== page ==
Thursday, November 7, 2019

"Steel Magnolias" at the Guthrie Theater

Steel Magnolias is not a new or particularly revolutionary play, but the reason it still resonates 30+ years after its premiere (and the popular 1989 movie adaptation) is that this story of female friendship, and the ways that women come together to support, challenge, and love each other, will never go out of style. Unlike the poofy bangs and high-waisted stone-washed jeans of the '80s. The Guthrie's new production of this late 20th Century classic features a terrific and mostly local all-female cast, plus an all-female creative team, that together bring out all of the "laughter through tears is my favorite emotion" feeling of the play. Steel Magnolias is warm and comforting, familiar and funny, moving and life-affirming.

The play takes place entirely in Truvy's Salon on four Saturday mornings over a couple of years in the late '80s, marked by events in young Shelby's life - the morning of her wedding; the following Christmas when she announces that she is pregnant, which poses a danger to her health; shortly before her mother donates a kidney to her; and (30-year-old spoiler alert!) after her death. The beauty salon is a place where the women gather not just to get their hair done, but also to gossip, needle each other, laugh, and support each other in whatever way is needed. Truvy is the mother hen, and a mentor to new stylist Annelle, who transforms from an insecure abandoned wife, to a party girl, to a born-again Christian, to a wife and mother. Regular customers include the delightfully grumpy and matter-of-fact Ousier and her frenemy, the wealthy and recently widowed Clairee. And then there's Shelby's mother M'Lynn, who would do anything to save her daughter, even while she knows that she can't.*

the cast of Steel Magnolias (photo by Dan Norman)
One of the great things about Steel Magnolias is that it's a true ensemble piece, with each of the six actors carrying equal weight in the humor and pathos of the story. Director Lisa Rothe has assembled a fantastic team and expertly guides them through this tragicomedy. Half of the cast is locally based, and it's great to see familiar faces onstage along side some national talent. #TCTheater veteran Austene Van as Truvy is the heart and soul of the story, and Adelin Phelps (a local actor making her Guthrie debut) brings a quirky and innocent charm to Annelle. As the two stylists, both actors also very convincingly wash, primp, and fuss over the other characters' hair all the while the conversations are going on. Melissa Maxwell (who can also be seen in Minnesota at the Great River Shakespeare Festival in Winona) and Nicole King make a believable mother/daughter team as M'Lynn and Shelby, with a palpable love (and sometimes frustration) between them. Amy Van Nostrand embodies the elegant yet spirited Clairee, and last but not least, Guthrie fave Sally Wingert absolutely cracked me up with her perfectly dry delivery of Ouiser's great one-liners.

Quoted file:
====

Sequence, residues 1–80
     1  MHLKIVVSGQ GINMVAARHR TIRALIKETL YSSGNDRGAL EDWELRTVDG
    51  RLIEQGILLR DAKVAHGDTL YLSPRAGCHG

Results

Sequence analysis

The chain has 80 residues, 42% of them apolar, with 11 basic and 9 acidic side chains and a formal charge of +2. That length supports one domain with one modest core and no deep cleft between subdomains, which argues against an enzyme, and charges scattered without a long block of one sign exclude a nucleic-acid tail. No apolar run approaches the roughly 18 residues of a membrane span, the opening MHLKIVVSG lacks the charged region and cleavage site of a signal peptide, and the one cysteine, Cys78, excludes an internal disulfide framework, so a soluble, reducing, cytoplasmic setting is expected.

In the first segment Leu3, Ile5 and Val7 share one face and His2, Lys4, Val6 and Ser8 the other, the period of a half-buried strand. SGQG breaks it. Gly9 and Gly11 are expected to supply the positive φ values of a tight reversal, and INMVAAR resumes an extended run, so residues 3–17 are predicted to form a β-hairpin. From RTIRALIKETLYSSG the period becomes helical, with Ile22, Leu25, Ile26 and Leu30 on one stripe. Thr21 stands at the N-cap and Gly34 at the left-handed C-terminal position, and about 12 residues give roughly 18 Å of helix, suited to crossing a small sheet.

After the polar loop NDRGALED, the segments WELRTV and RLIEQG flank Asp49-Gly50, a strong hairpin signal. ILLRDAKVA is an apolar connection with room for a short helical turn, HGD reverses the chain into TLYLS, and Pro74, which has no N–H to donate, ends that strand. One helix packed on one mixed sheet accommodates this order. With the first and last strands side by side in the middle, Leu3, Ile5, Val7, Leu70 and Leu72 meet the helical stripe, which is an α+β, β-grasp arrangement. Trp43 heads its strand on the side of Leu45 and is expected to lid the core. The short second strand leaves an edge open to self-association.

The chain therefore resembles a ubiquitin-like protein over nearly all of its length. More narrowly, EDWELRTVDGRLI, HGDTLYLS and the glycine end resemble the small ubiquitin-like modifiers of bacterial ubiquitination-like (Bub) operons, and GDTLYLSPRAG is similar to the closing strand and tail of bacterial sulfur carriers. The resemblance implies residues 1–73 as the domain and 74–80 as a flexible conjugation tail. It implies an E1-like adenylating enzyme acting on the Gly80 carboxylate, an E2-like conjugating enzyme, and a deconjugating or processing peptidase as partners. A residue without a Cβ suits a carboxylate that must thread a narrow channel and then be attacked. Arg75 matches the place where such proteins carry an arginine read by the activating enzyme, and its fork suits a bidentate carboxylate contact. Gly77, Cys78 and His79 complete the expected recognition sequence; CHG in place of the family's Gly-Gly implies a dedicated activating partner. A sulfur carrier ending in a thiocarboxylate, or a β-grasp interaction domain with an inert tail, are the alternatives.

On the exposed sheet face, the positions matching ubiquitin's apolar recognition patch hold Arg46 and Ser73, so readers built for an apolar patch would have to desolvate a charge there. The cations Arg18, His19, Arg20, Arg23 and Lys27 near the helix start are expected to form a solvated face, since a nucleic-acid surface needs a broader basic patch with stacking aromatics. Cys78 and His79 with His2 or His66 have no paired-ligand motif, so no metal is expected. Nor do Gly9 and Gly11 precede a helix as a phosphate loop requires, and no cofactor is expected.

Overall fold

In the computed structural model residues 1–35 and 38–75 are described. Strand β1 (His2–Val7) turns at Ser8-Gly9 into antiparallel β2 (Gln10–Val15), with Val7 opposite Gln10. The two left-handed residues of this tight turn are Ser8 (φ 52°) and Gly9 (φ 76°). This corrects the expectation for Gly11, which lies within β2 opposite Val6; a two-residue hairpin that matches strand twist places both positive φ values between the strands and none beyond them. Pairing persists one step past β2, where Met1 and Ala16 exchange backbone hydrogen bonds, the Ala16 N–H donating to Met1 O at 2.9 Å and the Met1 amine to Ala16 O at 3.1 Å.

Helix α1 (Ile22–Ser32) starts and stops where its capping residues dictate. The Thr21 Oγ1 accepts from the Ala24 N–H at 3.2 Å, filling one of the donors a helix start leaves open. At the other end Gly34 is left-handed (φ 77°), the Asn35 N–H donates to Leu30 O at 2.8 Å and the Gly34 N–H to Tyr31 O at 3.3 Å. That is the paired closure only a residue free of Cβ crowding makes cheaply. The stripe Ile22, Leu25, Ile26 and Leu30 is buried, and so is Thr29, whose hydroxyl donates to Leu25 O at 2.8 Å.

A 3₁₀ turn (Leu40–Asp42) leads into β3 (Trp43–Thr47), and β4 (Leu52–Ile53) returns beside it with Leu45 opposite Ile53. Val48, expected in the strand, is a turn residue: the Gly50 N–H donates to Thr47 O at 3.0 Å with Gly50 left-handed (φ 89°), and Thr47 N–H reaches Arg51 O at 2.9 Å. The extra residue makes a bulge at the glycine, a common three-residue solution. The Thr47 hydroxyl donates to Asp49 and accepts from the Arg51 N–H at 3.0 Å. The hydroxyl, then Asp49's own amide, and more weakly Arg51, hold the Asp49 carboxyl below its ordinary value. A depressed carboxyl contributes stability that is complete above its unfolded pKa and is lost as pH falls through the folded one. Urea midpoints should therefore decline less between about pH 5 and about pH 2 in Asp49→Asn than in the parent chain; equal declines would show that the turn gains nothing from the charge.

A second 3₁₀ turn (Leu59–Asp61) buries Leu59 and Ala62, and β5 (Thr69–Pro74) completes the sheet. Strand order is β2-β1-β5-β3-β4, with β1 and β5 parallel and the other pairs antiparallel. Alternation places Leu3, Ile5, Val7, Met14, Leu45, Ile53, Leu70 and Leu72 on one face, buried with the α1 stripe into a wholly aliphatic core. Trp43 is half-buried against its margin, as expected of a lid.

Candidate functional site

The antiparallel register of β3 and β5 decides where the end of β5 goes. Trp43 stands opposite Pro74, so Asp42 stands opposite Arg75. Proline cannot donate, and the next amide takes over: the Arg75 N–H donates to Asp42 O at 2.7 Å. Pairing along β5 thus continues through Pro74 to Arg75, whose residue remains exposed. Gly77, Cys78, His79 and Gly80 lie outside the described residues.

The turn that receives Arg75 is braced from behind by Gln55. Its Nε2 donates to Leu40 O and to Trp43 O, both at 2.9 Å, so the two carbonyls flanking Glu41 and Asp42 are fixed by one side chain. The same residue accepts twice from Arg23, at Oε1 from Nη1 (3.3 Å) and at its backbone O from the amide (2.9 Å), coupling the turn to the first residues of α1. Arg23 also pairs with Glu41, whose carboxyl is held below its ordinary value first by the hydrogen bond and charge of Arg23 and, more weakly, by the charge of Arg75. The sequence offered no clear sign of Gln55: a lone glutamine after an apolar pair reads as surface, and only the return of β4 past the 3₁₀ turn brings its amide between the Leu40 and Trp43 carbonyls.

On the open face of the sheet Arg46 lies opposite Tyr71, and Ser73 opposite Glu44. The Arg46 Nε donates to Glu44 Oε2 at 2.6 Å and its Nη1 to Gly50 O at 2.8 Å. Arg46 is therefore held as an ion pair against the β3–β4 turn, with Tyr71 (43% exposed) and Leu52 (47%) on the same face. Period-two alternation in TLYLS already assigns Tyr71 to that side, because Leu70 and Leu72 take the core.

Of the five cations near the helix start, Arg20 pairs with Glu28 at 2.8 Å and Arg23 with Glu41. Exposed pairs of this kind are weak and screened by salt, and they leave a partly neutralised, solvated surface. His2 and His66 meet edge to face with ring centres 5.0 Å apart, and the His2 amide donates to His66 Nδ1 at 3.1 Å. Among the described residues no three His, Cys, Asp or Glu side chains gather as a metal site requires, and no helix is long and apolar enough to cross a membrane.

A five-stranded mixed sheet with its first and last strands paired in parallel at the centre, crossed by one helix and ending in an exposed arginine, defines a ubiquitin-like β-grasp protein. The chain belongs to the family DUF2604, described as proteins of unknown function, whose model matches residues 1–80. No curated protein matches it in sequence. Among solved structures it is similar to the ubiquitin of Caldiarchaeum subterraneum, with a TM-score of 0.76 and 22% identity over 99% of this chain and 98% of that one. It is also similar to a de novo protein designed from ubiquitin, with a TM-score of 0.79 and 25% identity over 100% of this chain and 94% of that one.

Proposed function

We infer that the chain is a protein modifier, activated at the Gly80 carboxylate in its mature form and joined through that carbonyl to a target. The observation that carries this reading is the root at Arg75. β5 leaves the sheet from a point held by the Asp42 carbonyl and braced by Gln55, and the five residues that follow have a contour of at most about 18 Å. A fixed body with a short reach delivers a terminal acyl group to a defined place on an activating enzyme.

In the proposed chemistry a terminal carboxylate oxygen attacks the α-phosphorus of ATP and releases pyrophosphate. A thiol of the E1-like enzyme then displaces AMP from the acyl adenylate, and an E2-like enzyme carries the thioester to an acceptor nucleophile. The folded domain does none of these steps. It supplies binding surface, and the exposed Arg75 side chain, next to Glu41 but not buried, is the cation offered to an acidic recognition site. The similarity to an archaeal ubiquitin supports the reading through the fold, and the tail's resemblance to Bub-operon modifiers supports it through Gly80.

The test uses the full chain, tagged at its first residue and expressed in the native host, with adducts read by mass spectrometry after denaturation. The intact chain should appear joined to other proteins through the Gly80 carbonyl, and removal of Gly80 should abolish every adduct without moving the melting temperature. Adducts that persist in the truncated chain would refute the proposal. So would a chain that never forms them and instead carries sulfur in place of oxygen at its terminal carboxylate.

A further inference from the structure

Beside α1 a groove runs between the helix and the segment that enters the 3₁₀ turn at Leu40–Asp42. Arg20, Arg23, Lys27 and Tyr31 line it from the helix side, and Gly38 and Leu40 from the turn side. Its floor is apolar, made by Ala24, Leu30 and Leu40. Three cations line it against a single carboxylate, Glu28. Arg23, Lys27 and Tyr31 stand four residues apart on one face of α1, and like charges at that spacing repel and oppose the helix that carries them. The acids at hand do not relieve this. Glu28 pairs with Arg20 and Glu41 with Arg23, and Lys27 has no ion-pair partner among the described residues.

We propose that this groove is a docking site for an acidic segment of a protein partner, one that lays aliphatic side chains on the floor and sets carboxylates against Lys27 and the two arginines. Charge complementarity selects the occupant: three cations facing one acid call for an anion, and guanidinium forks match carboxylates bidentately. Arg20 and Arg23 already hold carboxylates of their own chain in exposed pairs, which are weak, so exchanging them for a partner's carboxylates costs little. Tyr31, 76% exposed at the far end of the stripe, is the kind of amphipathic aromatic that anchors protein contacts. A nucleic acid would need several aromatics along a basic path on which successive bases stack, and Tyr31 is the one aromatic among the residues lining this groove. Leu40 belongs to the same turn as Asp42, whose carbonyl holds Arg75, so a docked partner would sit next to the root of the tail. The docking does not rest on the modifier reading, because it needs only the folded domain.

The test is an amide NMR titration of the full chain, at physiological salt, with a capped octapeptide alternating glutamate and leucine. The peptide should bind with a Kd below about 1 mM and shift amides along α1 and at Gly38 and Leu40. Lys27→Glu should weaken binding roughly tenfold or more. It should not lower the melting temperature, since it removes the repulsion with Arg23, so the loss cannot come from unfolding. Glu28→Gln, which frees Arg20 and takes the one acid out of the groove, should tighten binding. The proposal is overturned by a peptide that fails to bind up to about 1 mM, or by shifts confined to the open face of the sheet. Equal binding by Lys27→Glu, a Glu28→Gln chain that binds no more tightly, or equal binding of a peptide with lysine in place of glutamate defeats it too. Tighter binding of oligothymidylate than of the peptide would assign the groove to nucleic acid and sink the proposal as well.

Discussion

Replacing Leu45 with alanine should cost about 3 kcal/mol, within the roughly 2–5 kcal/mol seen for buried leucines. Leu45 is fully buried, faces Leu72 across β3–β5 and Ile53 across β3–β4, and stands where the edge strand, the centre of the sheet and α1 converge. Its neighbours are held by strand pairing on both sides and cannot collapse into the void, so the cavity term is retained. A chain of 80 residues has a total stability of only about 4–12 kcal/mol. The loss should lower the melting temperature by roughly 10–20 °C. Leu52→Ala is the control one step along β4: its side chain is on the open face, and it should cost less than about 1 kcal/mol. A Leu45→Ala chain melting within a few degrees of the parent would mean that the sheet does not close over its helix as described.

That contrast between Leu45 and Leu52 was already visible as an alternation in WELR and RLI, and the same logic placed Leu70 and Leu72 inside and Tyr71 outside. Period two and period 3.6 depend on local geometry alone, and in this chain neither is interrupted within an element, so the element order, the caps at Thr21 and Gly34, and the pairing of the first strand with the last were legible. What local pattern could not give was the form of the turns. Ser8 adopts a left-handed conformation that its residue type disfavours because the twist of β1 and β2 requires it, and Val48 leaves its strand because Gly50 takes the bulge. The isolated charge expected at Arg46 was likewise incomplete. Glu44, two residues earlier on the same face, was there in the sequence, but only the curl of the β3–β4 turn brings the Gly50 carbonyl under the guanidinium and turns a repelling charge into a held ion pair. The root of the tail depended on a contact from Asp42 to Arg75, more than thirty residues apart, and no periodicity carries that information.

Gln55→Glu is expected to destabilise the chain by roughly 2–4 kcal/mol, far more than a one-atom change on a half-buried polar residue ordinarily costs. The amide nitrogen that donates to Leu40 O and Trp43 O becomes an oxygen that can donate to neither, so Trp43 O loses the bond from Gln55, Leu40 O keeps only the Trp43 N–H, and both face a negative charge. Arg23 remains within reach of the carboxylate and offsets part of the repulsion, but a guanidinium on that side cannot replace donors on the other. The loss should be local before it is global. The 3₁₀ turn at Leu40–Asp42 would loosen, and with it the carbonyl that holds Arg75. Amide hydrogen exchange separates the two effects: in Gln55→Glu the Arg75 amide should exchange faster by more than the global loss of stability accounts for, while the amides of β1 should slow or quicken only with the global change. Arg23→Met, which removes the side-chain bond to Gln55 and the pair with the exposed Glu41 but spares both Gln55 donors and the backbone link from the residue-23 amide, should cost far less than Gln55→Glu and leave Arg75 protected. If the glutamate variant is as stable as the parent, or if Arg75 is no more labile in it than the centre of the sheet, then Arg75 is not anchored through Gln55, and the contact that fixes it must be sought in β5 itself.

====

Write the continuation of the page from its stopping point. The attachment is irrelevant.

Truvy's Salon (photo by Dan Norman)
The entire play takes place inside the salon, but the Guthrie set (designed by Narelle Sissons) is a little fancier than that. Walking into the proscenium theater, you see the back of Truvy's converted carport salon, with some greenery around and behind it. As the show starts, the salon rotates 180 degrees to reveal the inside of the salon, like a giant doll house. All of the scenes take place within the walls of the salon in the middle of the stage, creating a cozy intimate atmosphere, but with a hint of the world outside as characters come and go and far-off sounds can be heard (sound design by Jane Shaw). Warm lighting represents the changing seasons (designed by Cat Tate Starmer), vintage '80s beauty equipment and decorations fill the space, and characters are dressed in fun and cringey '80s fashions (designed by Kara Harmon). And kudos to the Guthrie wig department, including departing wigmaster Laura Stearns, for this array of '80s wigs that can get wet and be styled live in front of us and still look good. Well, '80s good.

hair gets done on stage (photo by Dan Norman)
The Guthrie partnered with two local salons, Beauty Lounge Minneapolis and Curl Power Salon (which happens to be the salon I frequent), to study salon culture and lend authenticity to the play. On Monday the 11th the Guthrie, along with these two salons and The Aliveness Project, is hosting a free community event "that explores hair as a historical, cultural and personal-yet-universal human obsession" where they will "set up shop on the Steel Magnolias set with local hair experts and members of the drag community who will share stories, demonstrate techniques and celebrate all things hair and beauty." Click here for more information and to make reservations for this free event.

The funny and familiar tragicomedy Steel Magnolias, a story of female friendship and community love and support, continues through December 15.

*Plot summary borrowed from what I've written about previous productions.